The Rothschild family, the most influential banking and finance dynasty of modern Europe, began with Mayer Amschel Rothschild (1743–1812) in Frankfurt am Main, Germany, and expanded across Europe under his five sons: Amschel Mayer Rothschild (1773–1855) in Frankfurt; Salomon Rothschild (1774–1855) in Vienna, Austria; Nathan Mayer Rothschild (1777–1836) in London, England; Karl Rothschild (1788–1855) in Naples, Italy; and James Rothschild (1792–1868) in Paris, France. Throughout its history, the family has used its unparalleled, networked financial and political assets to support large-scale government borrowing, industrial development, health, education, art collecting, scientific discovery, and Jewish rights.
After moving from Frankfurt to Manchester in 1799, Nathan used the expanding British cotton industry to accelerate the process of wealth accumulation started by his father. He consolidated large quantities of fabric for export from many of the smaller British cloth manufacturers, and supplied these producers with dyes and other raw materials. Using the profits that he earned, Nathan moved to London and refocused on the bullion market. Buoyed by his father’s and brothers’ continental connections, Nathan smuggled gold through Napoléon Bonaparte’s continental blockade, funded the Duke of Wellington’s Peninsular and Waterloo campaigns, propped up the Bank of England during the liquidity crisis of 1834, and created a new European state bond market based on easily tradable notes. Benefiting from carefully cultivated friendships with royal and political leaders, Nathan’s brothers worked with the governments of France, Austria, and Belgium to finance the reconstruction of Europe, devastated by two decades of war. Beginning in the 1840s they established much of the continental railway network. Through their railways, as well as their development of mining and oil exploration, the Rothschilds powered nineteenth-century industrial growth from Spain to Russia. The Rothschilds also played an instrumental role in late nineteenth-century British imperial expansion, financing the Suez Canal Company and the South African diamond trade.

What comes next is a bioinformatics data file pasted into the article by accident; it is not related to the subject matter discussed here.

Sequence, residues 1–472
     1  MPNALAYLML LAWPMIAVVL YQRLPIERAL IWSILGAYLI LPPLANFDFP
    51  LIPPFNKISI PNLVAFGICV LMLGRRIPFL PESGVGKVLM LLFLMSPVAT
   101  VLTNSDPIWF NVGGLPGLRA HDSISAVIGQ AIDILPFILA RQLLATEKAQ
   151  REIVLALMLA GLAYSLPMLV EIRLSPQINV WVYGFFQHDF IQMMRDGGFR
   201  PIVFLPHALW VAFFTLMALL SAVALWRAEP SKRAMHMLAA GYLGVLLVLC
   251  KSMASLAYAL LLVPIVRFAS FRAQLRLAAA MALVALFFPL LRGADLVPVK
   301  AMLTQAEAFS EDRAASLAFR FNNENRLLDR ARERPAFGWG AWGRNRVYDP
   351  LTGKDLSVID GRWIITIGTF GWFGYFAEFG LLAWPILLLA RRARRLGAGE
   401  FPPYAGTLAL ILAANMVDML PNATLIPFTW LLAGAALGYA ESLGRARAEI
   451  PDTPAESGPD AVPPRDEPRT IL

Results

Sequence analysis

Like its banking concerns, the family’s philanthropic activities have been global, including the building and support of hospitals, schools, and art collections. As a result of intense family pursuit of the natural sciences, more than 150 insect species, 81 animal species, and 14 plant species bear the Rothschild name. Beginning with the Rothschild’s early years in the Jewish ghetto, however, anti-Semites viciously attacked the family for its adherence to Judaism, its high-profile wealth, and its Zionist support. Throughout, the Rothschilds remained proud of their faith, and actively supported Jewish personal and legal rights around the world. Nathan’s son, Lionel Nathan Rothschild (1808–1879) successfully fought to become Britain’s first Jewish member of Parliament in 1847. During World War II (1939–1945), the family suffered substantial loss and hardship in Nazi-occupied Europe. After the war, the Rothschilds expanded into North America, most prominently through the Brinco resource and hydroelectric development scheme in Newfoundland. In the 1980s the French government nationalized the original Paris branch, while the British government depended on the London branch to privatize several major public corporations. Signaling their new emphasis on corporate finance, in 2004 the Rothschilds withdrew from the bullion market that had been critical to their early success.
Ferguson, Niall. 1998. The House of Rothschild. 2 vols. New York: Viking.
Wilson, Derek. 1988. Rothschild: A Story of Wealth and Power. London: André Deutsch.